SMSFs need vigilance with money in and out

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When an SMSF member deposits money into their fund’s bank account, it is treated as the member’s superannuation contribution. When cash is paid from an SMSF’s bank account to a member, the member has received a superannuation benefit. There are, however, legal grey areas where contributions could be made unintentionally and a benefit might not be considered paid when intended.

In Taxation Ruling 2010/1, the ATO states that a ‘contribution’ is anything of value that increases the capital of a superannuation fund, provided by a person whose purpose is to benefit one or more members of the fund or all of the members in general.

It’s a long-winded way of saying that when a member transfers an asset into their SMSF without receiving payment for the asset, that asset should be treated as a contribution. In the same way, if a member pays their SMSF’s expenses without obtaining reimbursement from the fund, the payment could be treated as a contribution as it extinguishes the liability of their SMSF and increases the fund’s capital.

Members need to also be careful when making renovations to properties owned by their SMSF. If the property increases in value as a result of the renovation, it is treated as a contribution and not only the cost of the building materials paid for by the member.

Timing is important

The timing of a contribution is also important as it determines the financial year in which the member can claim it as a tax deduction, as well as whether the member has exceeded their contributions caps in that financial year (under the current rules).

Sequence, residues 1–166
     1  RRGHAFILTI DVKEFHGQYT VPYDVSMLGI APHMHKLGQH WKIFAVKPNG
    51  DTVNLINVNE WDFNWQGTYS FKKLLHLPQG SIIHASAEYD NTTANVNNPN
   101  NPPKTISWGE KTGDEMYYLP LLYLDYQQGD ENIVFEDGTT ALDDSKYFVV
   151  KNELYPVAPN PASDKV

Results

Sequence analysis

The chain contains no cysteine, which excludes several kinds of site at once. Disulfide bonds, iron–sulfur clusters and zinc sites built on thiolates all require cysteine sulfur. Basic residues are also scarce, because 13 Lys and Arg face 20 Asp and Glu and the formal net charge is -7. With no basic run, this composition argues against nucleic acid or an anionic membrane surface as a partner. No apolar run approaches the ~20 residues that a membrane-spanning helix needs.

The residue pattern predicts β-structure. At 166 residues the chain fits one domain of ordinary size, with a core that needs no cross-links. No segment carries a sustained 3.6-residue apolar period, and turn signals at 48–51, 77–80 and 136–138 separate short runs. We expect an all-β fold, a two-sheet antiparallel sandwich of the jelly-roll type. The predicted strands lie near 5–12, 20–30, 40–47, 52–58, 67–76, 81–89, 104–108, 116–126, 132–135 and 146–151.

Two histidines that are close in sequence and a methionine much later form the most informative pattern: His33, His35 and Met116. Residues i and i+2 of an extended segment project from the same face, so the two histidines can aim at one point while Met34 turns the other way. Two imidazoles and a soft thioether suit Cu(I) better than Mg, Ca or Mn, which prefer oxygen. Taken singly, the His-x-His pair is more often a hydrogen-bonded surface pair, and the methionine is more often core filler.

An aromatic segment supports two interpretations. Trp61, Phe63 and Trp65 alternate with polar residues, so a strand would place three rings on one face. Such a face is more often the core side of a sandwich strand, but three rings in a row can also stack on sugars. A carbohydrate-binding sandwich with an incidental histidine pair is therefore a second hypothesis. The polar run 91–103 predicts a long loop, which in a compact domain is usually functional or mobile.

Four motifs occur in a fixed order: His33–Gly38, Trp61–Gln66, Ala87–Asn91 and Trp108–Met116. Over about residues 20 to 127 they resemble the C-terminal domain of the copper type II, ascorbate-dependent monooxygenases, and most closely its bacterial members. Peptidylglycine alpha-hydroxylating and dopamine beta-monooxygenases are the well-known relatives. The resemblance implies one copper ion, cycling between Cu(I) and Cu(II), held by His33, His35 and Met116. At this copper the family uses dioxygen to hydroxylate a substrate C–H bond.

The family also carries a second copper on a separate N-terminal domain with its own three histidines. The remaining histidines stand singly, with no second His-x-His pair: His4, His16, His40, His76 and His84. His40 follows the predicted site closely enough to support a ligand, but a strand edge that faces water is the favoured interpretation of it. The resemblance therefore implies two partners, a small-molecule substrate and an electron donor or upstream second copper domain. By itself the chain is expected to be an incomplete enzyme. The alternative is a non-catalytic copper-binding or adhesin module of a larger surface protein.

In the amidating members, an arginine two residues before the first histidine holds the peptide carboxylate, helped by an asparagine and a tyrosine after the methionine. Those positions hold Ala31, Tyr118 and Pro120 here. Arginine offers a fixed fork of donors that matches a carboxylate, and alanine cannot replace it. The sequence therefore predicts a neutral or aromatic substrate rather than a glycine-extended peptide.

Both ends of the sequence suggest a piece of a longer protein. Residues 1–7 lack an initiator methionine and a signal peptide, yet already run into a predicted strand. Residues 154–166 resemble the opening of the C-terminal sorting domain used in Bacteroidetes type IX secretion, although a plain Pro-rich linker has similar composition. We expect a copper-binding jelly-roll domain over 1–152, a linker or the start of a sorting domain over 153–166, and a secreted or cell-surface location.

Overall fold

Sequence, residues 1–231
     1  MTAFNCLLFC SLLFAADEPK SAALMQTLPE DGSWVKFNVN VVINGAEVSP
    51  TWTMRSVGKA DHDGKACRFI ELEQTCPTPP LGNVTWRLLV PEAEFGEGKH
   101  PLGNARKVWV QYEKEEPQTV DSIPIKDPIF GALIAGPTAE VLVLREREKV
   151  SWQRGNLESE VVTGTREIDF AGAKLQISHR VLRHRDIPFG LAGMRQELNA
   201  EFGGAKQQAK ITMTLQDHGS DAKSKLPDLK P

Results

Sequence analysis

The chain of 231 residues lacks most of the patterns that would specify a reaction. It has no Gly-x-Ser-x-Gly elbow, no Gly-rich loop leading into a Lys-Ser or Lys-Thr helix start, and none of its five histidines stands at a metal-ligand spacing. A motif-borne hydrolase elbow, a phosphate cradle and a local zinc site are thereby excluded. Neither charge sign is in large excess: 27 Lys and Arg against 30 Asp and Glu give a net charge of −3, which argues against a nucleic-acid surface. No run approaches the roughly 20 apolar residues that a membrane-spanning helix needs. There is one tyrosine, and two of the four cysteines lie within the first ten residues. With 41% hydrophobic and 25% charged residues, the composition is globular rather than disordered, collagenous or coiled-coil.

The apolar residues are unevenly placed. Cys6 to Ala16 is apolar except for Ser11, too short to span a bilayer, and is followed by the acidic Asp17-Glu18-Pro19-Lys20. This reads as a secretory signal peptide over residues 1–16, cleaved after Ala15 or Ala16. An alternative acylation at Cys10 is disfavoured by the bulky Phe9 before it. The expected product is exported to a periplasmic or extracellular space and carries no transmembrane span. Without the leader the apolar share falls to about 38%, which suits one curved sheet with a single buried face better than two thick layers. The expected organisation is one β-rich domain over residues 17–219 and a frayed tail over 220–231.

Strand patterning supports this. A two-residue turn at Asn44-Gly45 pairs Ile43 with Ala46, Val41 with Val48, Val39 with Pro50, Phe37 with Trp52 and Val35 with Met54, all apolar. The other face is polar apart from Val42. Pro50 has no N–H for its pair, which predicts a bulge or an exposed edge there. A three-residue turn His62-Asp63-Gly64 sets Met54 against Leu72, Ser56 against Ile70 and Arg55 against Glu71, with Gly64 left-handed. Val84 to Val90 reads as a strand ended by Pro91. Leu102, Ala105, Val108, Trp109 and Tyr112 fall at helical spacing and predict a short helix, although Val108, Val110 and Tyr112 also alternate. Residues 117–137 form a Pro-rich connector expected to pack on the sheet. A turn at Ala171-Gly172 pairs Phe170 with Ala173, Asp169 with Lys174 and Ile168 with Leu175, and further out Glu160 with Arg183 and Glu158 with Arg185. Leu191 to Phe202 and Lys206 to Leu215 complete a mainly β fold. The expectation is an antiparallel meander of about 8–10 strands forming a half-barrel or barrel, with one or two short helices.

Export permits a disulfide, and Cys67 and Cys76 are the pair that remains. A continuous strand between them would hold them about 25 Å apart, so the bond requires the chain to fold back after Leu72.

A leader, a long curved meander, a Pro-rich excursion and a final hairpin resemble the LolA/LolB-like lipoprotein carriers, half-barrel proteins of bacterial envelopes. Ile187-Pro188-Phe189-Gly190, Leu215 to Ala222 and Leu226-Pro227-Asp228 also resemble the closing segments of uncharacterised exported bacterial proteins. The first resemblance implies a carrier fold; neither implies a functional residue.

As TR 2010/1 states, the capital of an SMSF is increased when an amount is received, or ownership of an asset is obtained, or the SMSF otherwise obtains the benefit of an amount.

It’s easy to determine that a cash contribution has been made when the SMSF trustee receives the amount. However, when it comes to an asset transfer, a contribution is sometimes made when the SMSF becomes the beneficial owner of the asset rather than the legal owner. Take, for example, a member transferring land to their fund. The relevant transfer form is signed and given to their SMSF trustee on 30 June. The SMSF trustee lodges the form with the State Revenue Office on 15 July and seeks a transfer of title via the Land Title’s Office once duty is paid.

The trustee, by holding a duly executed transfer form and not requiring anything further from the member to perfect its title, possesses everything required to make the transfer of beneficial ownership of the property on 30 June, so a contribution is considered to be made on 30 June. This is provided the SMSF trustee retains sufficient evidence of the relevant transactions and events to identify when the change of beneficial ownership occurred.

Grey areas in benefits